But Darcy Byrne the former Labor Mayor of Leichhardt made no mention of his role in realising the merger. In his own backflip, he released a statement on social media disavowing the government’s moves as betrayal and placed the blame squarely on Liberal shoulders.
“Mergers will be scrapped, but only in Liberal blue-ribbon areas. So for non-Liberal seats, your democracy has been abolished, your councillors were sacked, you were forcibly amalgamated ant the Liberals have been running rampant in your area with WestConnex, and all the other nasty things they’ve been doing, but if you’re in a wealthy blue-ribbon Liberal area, you get looked after. This is why we need an election, and we need a strong independent council, that will stand up the NSW Liberals, and will restore the voice of inner west residents,” he said.
Despite lamenting the merger as “undemocratic” in 2016, Mr Byrne resisted calls to take legal action against the state which would have saved Leichhardt Council in hindsight.
Where the Inner West came apart the Eastern Suburbs succeeded; Woollahra Council emerged victorious after sticking to its guns. It had sought a high court appeal against its proposed amalgamation with Randwick and Waverley Councils into an ‘Eastern Beaches’ super Council.
Councillor Dominic Wy Kanak (Greens) from Waverley Council expressed his concerns that plans for mergers are still not completely off the table.
He said: “The Liberal party are probably even now trying to preselect a bunch of Waverley Council candidates who if they get elected will ‘voluntarily’ surrender their councils by voting for an amalgamation. This won’t go away until we have state legislation that the Greens have drafted which prohibits any amalgamation without first having a vote of support from the affected residents, and Commonwealth legislation where Local Government is formally recognized in the Australian Constitution. “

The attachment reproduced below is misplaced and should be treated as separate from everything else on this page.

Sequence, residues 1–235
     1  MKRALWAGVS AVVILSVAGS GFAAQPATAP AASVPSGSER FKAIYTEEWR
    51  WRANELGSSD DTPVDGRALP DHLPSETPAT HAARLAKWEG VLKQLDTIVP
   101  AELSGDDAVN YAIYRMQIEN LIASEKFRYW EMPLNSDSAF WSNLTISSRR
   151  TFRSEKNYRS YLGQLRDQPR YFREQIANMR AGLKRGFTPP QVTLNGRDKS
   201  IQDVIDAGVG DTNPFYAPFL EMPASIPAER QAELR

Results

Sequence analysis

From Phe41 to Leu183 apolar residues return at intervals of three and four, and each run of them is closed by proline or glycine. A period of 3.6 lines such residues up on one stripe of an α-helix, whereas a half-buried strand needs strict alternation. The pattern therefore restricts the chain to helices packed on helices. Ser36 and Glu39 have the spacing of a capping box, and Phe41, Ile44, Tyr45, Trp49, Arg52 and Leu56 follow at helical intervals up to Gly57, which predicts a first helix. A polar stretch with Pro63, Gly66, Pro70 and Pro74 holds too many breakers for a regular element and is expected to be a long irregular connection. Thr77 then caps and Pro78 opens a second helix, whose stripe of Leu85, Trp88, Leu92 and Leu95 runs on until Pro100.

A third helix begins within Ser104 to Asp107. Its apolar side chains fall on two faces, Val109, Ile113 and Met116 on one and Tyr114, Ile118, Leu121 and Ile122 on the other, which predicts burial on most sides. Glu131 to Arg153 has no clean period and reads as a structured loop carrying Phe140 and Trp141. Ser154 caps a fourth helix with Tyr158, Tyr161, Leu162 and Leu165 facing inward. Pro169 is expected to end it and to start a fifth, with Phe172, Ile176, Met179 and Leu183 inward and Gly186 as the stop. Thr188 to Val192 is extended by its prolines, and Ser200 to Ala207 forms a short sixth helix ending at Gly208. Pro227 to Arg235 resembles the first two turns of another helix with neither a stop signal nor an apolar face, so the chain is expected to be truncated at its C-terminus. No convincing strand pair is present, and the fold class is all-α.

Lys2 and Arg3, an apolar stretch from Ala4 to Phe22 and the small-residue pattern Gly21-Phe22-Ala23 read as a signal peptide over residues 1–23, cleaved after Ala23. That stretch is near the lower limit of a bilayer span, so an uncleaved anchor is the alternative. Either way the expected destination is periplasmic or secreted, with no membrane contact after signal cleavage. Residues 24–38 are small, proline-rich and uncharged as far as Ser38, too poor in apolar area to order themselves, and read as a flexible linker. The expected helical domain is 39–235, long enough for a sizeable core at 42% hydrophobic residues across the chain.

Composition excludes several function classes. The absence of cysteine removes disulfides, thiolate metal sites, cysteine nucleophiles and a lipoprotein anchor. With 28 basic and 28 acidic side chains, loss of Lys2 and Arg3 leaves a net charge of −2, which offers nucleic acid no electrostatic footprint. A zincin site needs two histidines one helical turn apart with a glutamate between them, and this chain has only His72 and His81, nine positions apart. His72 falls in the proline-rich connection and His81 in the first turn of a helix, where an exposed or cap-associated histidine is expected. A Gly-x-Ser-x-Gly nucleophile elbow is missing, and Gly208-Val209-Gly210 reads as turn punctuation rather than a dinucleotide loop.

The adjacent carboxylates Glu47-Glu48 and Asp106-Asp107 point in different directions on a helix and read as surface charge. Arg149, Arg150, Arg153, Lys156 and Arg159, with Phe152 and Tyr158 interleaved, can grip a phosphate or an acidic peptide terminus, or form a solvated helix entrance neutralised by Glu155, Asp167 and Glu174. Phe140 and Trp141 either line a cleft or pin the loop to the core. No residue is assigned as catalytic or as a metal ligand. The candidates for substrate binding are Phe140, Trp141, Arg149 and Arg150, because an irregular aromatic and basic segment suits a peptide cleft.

Woollahra council spent around $1 million dollars fighting the state government in the courts while Waverley and Randwick councils spent hundreds of thousands preparing their systems for a merger.
Councillors from all three councils indicated they would be putting motions forward to seek compensation from the state government.
Cr. Wy Kanak said: “Every NSW council should be reimbursed for the money they’ve wasted. However, the Liberal Mayor of Waverley Sally Betts must also be held accountable for the hundreds of thousands of dollars she has wasted pushing failed amalgamation and amalgamation-related agendas like privatising the Bondi Pavilion.”
“The Community of Waverley have expressed an enormous amount of relief and gratitude that this nonsense is over for now. The great majority of residents I speak to have been against these forced mergers from day one. People are now asking how can we make the Liberal National government pay for the mess they’ve created. A slogan is going round our community, ‘Put the Liberals last’ on Local Government Election Day, 9 September.”
Randwick Councillor Murray Matson (Greens) moved the motion at Randwick to commence legal proceedings earlier this year following Ku-ring-gai Council’s success.
Cr. Matson said: “I did this because I interpreted that my due diligence obligation to our residents was now to explore a legal challenge because there was evidence to suggest that one might be successful after all.”